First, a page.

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NotPetya Cyberattack Costs: FedEx, Nivea Suffer Material Financial Damage

FedEx and Nivea were among the multinational corporations to experience material financial damage from the recent NotPetya ransomware attack, according to Reuters.

Other corporations that reported material financial damage from NotPetya included:

  • BeiersdorfThe German consumer products provider attributed a financial shortfall in the first half of 2017 to shipping and production delays related to computer and system outages caused by NotPetya.
  • Maersk: The integrated transport and logistics company said its worldwide operations were affected by NotPetya.
  • Mondelez: The Cadbury chocolate maker reported a 5 percent drop in quarterly sales due to shipping and invoicing problems caused by NotPetya.

In addition, Cyence, a firm that specializes in cyber risk modeling, has estimated the economic costs of NotPetya total $850 million, Reuters reported.

What Is NotPetya?

NotPetya refers to malware that was used as part of a ransomware attack against global organizations on June 27.

The malware disguises itself as the Petya ransomware and demands about $300 in Bitcoin to unscramble hostage data, The Register reported. It uses a series of tools to gain administrator access on a computer and take control of other machines across a network, according to The Register.

Although many cybersecurity experts initially believed NotPetya was a form of Petya, antivirus software provider Kaspersky Lab noted the malware was “significantly different” from earlier versions of Petya. As such, Kaspersky in a blog post dubbed the malware “NotPetya.”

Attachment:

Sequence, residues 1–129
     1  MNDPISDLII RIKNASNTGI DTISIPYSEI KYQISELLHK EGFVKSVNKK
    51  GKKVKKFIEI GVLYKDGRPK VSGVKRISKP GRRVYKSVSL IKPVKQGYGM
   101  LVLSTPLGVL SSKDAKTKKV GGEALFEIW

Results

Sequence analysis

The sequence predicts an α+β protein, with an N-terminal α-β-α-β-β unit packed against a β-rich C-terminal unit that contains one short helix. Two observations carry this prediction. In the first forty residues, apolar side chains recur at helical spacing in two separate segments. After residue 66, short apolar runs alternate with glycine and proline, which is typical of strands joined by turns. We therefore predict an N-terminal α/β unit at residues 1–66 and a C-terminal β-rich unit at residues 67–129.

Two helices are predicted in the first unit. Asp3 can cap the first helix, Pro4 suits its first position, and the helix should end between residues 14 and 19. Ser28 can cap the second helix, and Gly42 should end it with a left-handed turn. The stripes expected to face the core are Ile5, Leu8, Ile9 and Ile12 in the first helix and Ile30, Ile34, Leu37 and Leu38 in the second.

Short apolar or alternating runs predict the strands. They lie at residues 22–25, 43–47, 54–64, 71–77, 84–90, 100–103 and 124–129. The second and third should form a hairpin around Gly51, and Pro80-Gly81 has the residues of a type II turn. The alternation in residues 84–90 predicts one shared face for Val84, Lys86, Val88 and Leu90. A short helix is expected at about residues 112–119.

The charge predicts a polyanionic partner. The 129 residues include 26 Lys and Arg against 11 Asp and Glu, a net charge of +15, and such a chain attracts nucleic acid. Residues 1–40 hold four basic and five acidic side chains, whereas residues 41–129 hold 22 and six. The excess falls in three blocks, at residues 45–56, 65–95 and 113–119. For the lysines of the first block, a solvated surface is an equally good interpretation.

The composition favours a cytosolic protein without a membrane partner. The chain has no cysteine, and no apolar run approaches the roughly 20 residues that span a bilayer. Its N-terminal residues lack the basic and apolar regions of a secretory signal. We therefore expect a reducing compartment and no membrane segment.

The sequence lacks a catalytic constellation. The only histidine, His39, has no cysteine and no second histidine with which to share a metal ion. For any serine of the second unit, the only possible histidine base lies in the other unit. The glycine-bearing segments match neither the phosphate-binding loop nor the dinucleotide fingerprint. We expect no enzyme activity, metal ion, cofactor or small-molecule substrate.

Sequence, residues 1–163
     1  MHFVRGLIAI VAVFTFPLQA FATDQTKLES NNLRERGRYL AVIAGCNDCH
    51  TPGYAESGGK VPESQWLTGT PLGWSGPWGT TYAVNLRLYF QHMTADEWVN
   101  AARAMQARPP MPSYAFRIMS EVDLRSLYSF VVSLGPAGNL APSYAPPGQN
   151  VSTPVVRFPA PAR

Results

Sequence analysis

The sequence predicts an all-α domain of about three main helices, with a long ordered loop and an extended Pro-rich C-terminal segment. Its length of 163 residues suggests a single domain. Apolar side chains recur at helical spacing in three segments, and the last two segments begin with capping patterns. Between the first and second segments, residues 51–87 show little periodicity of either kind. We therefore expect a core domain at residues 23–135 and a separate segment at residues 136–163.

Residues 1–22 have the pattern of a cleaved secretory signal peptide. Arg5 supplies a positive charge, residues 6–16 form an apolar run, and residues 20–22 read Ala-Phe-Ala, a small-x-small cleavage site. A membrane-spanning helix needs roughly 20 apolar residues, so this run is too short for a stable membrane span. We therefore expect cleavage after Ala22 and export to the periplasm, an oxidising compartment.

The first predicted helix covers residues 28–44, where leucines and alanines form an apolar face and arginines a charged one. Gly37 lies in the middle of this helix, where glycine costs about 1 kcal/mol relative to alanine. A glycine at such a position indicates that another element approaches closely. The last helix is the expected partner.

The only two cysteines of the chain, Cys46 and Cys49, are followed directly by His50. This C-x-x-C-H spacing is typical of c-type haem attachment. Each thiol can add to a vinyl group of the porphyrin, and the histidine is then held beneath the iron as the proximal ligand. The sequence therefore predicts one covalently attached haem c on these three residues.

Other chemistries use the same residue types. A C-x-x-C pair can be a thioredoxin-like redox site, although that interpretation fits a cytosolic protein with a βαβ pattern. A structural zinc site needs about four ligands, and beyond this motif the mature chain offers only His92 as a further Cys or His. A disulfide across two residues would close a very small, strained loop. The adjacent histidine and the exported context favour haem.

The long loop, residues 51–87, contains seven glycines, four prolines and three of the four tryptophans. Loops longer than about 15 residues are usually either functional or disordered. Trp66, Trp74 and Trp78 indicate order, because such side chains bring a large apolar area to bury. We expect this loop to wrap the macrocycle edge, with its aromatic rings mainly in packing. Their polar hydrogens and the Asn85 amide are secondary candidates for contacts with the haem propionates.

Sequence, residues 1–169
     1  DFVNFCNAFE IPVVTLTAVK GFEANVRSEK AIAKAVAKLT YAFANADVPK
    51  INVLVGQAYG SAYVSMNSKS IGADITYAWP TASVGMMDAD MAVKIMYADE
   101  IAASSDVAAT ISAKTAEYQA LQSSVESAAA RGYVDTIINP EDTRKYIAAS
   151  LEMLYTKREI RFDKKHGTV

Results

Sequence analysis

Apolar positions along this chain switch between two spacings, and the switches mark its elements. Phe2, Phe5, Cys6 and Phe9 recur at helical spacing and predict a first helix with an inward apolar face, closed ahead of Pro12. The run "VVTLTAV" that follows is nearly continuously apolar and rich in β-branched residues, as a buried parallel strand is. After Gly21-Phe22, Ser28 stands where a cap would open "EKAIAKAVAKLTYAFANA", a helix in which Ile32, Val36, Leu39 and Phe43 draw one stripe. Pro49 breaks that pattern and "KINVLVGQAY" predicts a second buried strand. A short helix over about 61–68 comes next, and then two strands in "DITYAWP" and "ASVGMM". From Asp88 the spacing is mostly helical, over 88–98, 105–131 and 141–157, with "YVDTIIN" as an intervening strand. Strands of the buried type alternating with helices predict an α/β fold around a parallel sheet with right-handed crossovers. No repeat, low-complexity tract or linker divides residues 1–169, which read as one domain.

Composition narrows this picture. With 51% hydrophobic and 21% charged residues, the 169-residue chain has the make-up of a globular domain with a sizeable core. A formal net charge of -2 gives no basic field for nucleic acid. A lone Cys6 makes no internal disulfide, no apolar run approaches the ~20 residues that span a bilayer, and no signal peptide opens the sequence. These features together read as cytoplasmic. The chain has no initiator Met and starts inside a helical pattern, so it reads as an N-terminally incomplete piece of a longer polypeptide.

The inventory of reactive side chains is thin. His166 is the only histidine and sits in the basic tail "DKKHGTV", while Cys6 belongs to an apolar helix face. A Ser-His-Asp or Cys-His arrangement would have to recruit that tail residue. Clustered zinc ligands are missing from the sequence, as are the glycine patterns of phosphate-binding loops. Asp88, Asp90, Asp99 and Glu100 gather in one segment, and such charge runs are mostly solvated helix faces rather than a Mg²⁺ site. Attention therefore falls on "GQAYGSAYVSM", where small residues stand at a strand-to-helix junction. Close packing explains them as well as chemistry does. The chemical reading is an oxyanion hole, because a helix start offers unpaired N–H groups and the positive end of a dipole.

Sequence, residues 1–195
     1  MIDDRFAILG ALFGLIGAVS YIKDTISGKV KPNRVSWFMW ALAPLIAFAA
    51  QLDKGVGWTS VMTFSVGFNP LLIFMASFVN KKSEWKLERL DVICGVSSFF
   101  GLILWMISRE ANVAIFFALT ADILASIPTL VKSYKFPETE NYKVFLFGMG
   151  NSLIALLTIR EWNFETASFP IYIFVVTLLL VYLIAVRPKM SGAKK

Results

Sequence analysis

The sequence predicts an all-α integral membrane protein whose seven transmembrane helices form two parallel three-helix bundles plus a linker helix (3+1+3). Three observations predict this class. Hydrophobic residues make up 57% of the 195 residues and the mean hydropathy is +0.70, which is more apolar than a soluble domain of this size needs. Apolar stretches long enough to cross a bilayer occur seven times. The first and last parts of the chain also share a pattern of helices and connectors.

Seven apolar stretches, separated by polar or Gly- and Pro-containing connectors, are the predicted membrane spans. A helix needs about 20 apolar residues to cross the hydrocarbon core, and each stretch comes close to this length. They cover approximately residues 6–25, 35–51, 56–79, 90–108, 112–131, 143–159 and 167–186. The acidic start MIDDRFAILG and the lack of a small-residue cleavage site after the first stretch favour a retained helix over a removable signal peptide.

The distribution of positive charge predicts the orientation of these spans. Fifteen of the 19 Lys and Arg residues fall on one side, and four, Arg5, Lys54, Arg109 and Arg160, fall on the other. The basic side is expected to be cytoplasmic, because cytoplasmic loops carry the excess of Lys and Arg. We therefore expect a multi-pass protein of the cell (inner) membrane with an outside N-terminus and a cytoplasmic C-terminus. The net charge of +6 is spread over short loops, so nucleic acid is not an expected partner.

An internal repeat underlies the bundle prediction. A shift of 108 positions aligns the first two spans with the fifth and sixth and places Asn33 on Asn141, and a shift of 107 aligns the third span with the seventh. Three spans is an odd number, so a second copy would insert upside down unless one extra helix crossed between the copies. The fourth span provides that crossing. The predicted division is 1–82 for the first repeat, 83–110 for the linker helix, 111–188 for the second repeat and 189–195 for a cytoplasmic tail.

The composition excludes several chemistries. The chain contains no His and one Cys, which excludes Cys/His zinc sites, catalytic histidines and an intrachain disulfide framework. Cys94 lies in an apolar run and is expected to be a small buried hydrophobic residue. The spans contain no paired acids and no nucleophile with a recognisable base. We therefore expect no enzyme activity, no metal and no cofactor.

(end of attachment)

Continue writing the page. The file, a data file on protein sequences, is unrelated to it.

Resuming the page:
NotPetya, Petya and other recent ransomware attacks highlight a global cybersecurity problem that continues to escalate.

How Deep Is the Global Ransomware Problem?

In fact, many global organizations have been affected by ransomware attacks, which is reflected in a recent study conducted by technology research firm Osterman Research and cybersecurity and anti-malware software company Malwarebytes.

Key findings from the “Understanding the Depth of the Global Ransomware Problem” study of 540 IT professionals included:

  • Nearly 80 percent of organizations have been the victim of a cyberattack during the past 12 months, and nearly 50 percent have been the victim of a ransomware attack.
  • More than 50 percent of IT decision-makers consider ransomware to be a “concern” or “extreme concern.”
  • Ransomware was most likely to enter an organization through a desktop computer and least likely to enter through a smartphone or tablet.
  • Email was the most likely attack vector for ransomware.
  • Mid-level managers and senior executives are disproportionately affected by ransomware.

Ultimately, the end user is the biggest attack vector for cybercriminals, according to IT security company Sophos.

By educating end users about ransomware and other cyber threats, organizations can stop a cyberattack at its source, Sophos noted.

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